On another topic, I’ve had the great good fortune to read the latest volume of Scott Bakker‘s series, The Great Ordeal. It’s set to be released soon. I haven’t finished it yet, but I’ve got to say: Chapters 12 and 13 left me breathless, both of them. They’re deep, harrowing, and thrilling, all at once. The book is a monumental achievement, and yet I have the feeling it’s only beginning, that the real shit’s gonna go down in the next book, The Unholy Consult.
Check out the trailer for Bakker’s series.
“He was a modern man, and the world of our ancestors was no longer the home of his spirit and his heart but his historical object.”
– Wilhelm Dilthey
What makes fantasy fantasy?
I doubt there’s any single satisfactory answer to this question. It seems to me that ‘fantasy’ is, to use a Wittgensteinian phrase, a ‘family resemblance’ concept: it signifies a cluster of distinct (yet related) features or qualities that works of fiction can exemplify in a variety of ways. If that’s right, then we shouldn’t try to force the pegs of ‘round’ fantasy and ‘square’ fantasy and ‘triangular’ fantasy into any one definitional hole.
Now, back in 2003 and 2004, I attended the Blue Heaven writers’ workshop run by Charles Coleman Finlay. Blue Heaven is exclusively for workshopping speculative-fiction novels: over the years, it’s midwived such books as Paolo Bacigalupi’s The Windup Girl, Paul Melko’s The Walls of the Universe, and Catherynne Valente’s Palimpsest. One of my fellow attendees back in ’03 and ’04 was Benjamin Rosenbaum.
I forget which year it was, but I remember Ben proposing, one lazy afternoon around the dining-room table, what we might call a ‘phenomenological’ definition of fantasy: rather than thinking of fantasy in terms of features or qualities exemplified by texts, we ought to think of it in terms of the experience produced by reading. (Unfortunately, I forget what Ben proposed as the ‘experiential criteria’ of fantasy.) I objected that the phenomenological-definition approach must fail, because it would relativize the concept of fantasy so much as it render it meaningless: if fantasy were defined in terms of evoking experience E in reader R, then we would have to accept that, if R’s reading of Lord of the Rings failed to produce E, then it’s true that, in R’s case, Lord of the Rings would fail to qualify as fantasy. Call this the ‘paradigm’ worry: Lord of the Rings is the very paradigm of fantasy novels—that is, it’s practically definitional of what fantasy is; thus, we shouldn’t accept any definition of fantasy that would allow for the possibility that Lord of the Rings ends up not being a fantasy novel.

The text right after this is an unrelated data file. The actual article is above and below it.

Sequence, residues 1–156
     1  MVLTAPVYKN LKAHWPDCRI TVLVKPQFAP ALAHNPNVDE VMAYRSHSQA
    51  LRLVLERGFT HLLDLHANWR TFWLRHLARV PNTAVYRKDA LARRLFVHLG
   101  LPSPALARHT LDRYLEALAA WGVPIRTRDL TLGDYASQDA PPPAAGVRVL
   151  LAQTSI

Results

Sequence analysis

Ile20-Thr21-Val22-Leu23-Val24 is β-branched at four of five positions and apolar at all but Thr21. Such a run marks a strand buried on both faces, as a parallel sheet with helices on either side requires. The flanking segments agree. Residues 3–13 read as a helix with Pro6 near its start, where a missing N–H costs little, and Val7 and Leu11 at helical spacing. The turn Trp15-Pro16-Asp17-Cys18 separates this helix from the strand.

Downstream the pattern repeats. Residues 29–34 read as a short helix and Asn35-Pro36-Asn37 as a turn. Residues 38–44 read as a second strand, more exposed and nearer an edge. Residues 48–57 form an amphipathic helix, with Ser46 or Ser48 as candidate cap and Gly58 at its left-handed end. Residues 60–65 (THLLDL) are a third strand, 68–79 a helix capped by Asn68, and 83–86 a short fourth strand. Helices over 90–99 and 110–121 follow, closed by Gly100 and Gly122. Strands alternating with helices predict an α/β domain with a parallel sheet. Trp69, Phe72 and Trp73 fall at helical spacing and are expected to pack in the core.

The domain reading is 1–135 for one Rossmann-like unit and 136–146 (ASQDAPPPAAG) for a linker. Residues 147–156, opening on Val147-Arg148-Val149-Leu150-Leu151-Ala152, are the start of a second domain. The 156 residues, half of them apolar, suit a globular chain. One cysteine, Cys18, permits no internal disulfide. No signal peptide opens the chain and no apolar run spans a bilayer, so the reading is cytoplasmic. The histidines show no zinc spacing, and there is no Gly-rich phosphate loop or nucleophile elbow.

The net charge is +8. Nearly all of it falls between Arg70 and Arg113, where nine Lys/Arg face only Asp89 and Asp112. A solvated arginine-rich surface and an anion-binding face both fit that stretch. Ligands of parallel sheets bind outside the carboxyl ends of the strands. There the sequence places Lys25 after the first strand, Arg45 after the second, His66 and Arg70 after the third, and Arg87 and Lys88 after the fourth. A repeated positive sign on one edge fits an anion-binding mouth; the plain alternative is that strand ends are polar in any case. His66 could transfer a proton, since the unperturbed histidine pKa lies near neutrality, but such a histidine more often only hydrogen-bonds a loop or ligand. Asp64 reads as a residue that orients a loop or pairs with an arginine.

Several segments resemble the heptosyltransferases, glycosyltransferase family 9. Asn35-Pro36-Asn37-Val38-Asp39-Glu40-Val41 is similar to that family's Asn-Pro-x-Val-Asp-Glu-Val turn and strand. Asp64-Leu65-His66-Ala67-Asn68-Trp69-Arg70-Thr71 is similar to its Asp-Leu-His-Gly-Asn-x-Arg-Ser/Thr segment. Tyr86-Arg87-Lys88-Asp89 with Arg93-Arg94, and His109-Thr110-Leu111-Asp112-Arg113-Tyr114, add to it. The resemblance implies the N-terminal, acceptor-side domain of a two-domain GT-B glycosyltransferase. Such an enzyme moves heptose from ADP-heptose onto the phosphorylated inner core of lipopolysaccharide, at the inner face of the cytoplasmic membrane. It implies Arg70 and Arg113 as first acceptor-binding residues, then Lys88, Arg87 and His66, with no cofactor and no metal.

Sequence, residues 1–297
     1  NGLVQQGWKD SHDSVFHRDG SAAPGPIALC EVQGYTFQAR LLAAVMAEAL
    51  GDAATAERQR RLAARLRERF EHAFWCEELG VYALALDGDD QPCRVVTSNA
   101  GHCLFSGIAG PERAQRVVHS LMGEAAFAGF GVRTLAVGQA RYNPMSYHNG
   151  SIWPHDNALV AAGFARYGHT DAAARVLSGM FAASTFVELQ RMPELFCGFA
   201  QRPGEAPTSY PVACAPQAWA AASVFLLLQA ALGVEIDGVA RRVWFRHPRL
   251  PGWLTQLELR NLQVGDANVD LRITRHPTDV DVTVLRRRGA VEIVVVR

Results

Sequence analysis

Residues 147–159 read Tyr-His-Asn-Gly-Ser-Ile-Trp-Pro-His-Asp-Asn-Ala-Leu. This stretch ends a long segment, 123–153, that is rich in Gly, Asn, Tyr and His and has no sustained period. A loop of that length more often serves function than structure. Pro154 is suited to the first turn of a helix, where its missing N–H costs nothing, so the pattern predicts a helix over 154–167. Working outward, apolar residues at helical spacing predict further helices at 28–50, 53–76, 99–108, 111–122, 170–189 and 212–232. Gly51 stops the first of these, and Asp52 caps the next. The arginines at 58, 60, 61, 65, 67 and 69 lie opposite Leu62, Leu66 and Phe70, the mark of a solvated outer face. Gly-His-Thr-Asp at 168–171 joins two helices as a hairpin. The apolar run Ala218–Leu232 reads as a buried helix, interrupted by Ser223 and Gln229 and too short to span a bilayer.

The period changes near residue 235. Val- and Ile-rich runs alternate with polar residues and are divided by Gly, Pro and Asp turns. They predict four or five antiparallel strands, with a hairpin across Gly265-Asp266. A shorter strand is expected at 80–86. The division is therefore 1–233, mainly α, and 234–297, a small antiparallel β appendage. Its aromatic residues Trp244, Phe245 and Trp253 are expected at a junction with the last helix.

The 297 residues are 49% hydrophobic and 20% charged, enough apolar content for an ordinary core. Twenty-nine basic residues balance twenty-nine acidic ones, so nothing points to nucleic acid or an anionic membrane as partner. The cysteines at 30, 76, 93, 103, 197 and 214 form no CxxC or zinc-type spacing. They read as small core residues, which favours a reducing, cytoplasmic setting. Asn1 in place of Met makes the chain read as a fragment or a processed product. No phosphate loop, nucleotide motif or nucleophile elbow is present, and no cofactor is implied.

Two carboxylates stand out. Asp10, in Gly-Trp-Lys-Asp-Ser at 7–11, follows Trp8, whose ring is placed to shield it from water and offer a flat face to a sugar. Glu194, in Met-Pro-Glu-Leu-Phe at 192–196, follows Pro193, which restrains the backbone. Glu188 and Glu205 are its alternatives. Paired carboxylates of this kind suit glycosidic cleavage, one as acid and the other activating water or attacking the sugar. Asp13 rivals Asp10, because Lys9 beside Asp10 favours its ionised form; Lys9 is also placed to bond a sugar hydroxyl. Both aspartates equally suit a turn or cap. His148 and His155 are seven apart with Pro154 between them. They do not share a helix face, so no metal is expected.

“How long have you been working on Three Roses?”
A reasonable question, but one without an easy answer. I could reply, “For sixteen years this fall.” In a way, that’s true. I could also say, “For eight years—or seven, really.” That would also be true, in a way. Finally, I could answer, “For about a year.” Again, that’s true. Sort of.
Welcome to the Kosmos Biblioth! I plan to post mainly about fantasy fiction, especially my own series. I may include regular updates on my progress. (I’m on track to have Book 1 done this year.) But I’ll occasionally write on other topics as well, I’m sure, particularly issues connected to my philosophical work.
The best place to start, it seems to me, is with an obvious question: What’s a ‘Kosmos Biblioth’?
One could translate the term as “the book of the world/universe/cosmos,” or (less literally, but more accurately) as “the library of the world.” It is the headquarters, as we’d say nowadays, of one of the primary religious-political powers in the world of Three Roses: the Order of Sophiel. The Kosmos Biblioth rears from the heights of the massive Ecclesia Sophielas, which sits atop Phebe’s Hill in the sun-drenched splendor of Farnesse. You can see a depiction of the Biblioth in the blog’s header image.
The Sophieli are one of several branches on the tree of Elaarism, the faith that has dominated the Continent, from Brytar in the east to Szarvas in the west, for almost thirteen centuries. The Sophieli established the Ecclesia Sophielas around 260, on the site of an ancient pagan shrine. The Kosmos Biblioth was the heart of the Ecclesia from its inception; it serves as the Order’s administrative center as well as the primary storehouse for its massive collection of texts.
The overriding purpose of the Sophieli is to produce as fine-grained a record of world history as possible, in order to correlate events with the far more compact history contained in the central sacred text of Elaarism, the Kosmostoria (History of the World), the transcribed words of the Prophet Yehru Bar-el. The Kosmostoria charts the course of history from the moment of creation to the end days; yet it is notoriously difficult (or, depending on one’s viewpoint, notoriously easy) to correlate specific historical events with the history transmitted in the sacred texts. Hence the Sophieli’s grand undertaking.
The actual library, where the books and scrolls are stored, is underground, beneath the massive domes and towers. For this reason, it is known as ‘the Tombs.’ The Tombs are organized along three axes: time, space, and perspective. The library is composed of a series of chambers, branching off a central spiral staircase, with main passageways radiating outward to north, south, east, and west. Each floor of the library is a particular decade(s), organized according to a scaled-down map of the world, with the central axis representing itself. So the Empire is northwest and northeast; Nevegas is immediately south; and Brytar is in the far east, slightly north of the east axis.
But that’s only the first two dimensions. The third dimension is the complicated one. There are formulas that unlock the various ways in which the chambers, laid out in the way just described, form cross-floor and cross-location patterns. One ‘reads’ the formulas in a variety of ways, including: the shape of the chamber (the chambers have from three to eight sides), and the doorways between chambers (some are square, others arched; and all have words or symbols carved above them). If one knows the formulas, then one can navigate the Tombs in such a way so as to follow certain ‘perspectives’ across different times and spaces.
The perspectives are numerous, and they are embedded in each other in complex ways. The main perspectives are, of course, religious, corresponding to the four main Archonical Orders: Dathiel, Sophiel, Macariel, and Thoriel. Embedded within these large-scale ‘perspectives’ are a huge number of other perspectives, including: wars, successions, population, crop patterns, etc.
Like its namesake, I intend for this blog to house the history of Three Roses, both past and ongoing. I hope you’ll drop by every now and then!